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  • Sep 20, 2014
  • Updated: 4:16pm
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Kerry Logistics share sale a bargain for investors

The logistics arm of Kerry Properties expects price range for listing at 14.9 to 17.3 times its forecast earnings, lower than global peers

PUBLISHED : Tuesday, 03 December, 2013, 5:45am
UPDATED : Tuesday, 03 December, 2013, 5:45am

The US$284 million initial public offering by Kerry Logistics Network, the logistics arm of Kerry Properties, is expected to be a bargain for investors compared to its international peers.

The company expects to cash in on increasing demand for third-party logistics services in the region, especially from multinational brands.

The price range has been set at HK$8.80 to HK$10.20 per share on the first day of its international roadshow. That means the company will trade at a market capitalisation of between US$1.9 billion and US$2.2 billion, translating to 14.9 to 17.3 times its projected earnings in 2014.

That is a large discount in comparison to its international peers, including Germany's Kuehne & Nagel, which are trading at about 22 to 23 times.

Unlike other freight-forwarding companies already listed in Hong Kong, Kerry's profit is mainly driven by the growth in third-party logistics service which has double-digit profit margin, compared to the low single-digit margin by freight-forwarding companies such as Sinotrans.

Third-party logistics services include inventory management at regional distribution centres for multinationals and value-added service such as garment-on-hanging, tagging, sorting, kitting, ironing and labelling.

"The logistics industry has become a comprehensive story riding on the growth of e-commerce in the mainland China," said Steve Cheng Ka-wa, managing director of investment services at RHB OSK Securities. "Institutional investors are looking for a growth story in China especially if it is trading at a discount to international peers."

In the Asia-Pacific region, the penetration of third-party logistics services is only 16 per cent, as opposed to 21 per cent in Europe and 22 per cent in Europe. CEVA and DHL Supply Chain have cashed in on the trend for third-party logistics in Europe and US and have grown their share in the market through warehousing and distribution services.

These services are sought-after in Hong Kong and Shanghai, which have served as regional distribution hubs to support the sales of global brands before they enter other mainland cities.

Kerry manages distribution centres for a number of multinational brands, catering for their sales in the China region and Asia-Pacific. Its warehousing facilities for one French brand has increased by five to six times over the past 10 years amid rising sales in Hong Kong and the mainland.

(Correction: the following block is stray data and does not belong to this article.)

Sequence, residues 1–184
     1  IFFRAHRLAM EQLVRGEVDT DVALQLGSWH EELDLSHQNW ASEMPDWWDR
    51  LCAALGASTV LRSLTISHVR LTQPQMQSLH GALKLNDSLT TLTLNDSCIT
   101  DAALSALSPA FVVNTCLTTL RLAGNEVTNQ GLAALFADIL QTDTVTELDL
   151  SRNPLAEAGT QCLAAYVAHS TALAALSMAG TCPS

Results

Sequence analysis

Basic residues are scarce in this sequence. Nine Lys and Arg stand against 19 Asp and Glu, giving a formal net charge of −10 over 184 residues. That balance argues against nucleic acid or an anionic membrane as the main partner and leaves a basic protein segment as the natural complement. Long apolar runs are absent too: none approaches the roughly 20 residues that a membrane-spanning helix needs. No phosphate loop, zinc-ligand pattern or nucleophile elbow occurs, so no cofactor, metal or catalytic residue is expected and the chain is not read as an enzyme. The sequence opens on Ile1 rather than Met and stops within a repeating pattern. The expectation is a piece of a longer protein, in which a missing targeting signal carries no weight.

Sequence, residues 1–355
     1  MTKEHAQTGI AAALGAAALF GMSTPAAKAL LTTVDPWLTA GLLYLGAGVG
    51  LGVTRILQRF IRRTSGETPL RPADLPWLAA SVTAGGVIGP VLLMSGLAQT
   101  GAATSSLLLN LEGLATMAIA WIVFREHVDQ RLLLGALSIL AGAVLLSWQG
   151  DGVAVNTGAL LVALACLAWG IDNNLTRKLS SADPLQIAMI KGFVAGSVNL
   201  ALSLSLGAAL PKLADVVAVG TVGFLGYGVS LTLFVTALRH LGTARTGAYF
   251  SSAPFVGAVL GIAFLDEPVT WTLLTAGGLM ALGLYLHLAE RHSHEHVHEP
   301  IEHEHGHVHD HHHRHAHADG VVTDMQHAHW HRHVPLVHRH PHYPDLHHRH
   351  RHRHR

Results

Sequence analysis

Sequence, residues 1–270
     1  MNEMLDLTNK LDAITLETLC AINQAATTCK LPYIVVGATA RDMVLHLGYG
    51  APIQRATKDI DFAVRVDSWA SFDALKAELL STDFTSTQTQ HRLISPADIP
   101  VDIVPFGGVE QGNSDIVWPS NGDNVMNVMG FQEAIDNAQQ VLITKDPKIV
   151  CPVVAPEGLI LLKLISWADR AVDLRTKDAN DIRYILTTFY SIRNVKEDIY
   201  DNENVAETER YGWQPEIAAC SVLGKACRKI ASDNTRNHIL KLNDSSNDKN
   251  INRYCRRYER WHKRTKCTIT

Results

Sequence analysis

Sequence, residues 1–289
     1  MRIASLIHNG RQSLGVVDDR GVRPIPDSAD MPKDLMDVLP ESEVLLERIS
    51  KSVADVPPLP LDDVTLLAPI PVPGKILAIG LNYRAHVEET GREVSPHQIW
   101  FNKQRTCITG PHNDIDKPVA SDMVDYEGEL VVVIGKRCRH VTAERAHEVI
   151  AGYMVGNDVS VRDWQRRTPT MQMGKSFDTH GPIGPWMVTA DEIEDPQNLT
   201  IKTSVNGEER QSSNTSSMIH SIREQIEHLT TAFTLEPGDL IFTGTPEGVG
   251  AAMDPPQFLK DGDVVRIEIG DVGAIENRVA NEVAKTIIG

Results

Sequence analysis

Hong Kong, with its free port status, is also commonly used for ad hoc labelling and adjustment for products destined for different markets in the region.

Last year, about 80 per cent of Kerry's operating profit was generated from warehouse, distribution and return management.

Freight-forwarding service, including road, sea and air freight, however, account for 20 per cent of total operating profit.

Sales of the company rose 80 per cent to HK$19.3 billion in 2012 from 2010, in which logistics operations increased to HK$7.4 billion from HK$4.3 billion while international freight forwarding increased to HK$11 billion from HK$6 billion.

Kerry manages 39 million square feet of warehouses and logistics centres in China and Asean countries, of which over 11 million sq ft is in the mainland.

Owing to its long operating history in Hong Kong, the company has 10 warehouses in the city with total gross floor area of five million sq ft. They contributed nearly 30 per cent of the operating profit last year and for the first half of this year.

The IPO has already been several times covered after its first international roadshow.

Karen Chan, an analyst at RCM, however, said logistics players in Europe and the US deserve a higher PE because their markets are more concentrated and mature and their customers are more loyal. "The return on equity of Kerry Logistics is at 7 per cent, which is just half of its peers in Europe and also makes it less attractive than the international peers," she said.

In addition, there are more than 10,000 logistics providers in the mainland, fragmenting the market, with operators running at higher costs.

The logistics costs in China account for 18 per cent of the GDP, compared with 8 to 9.5 per cent in developed countries.

Kerry Properties is part of the Kerry Group, which also controls SCMP Group, publisher of the South China Morning Post.

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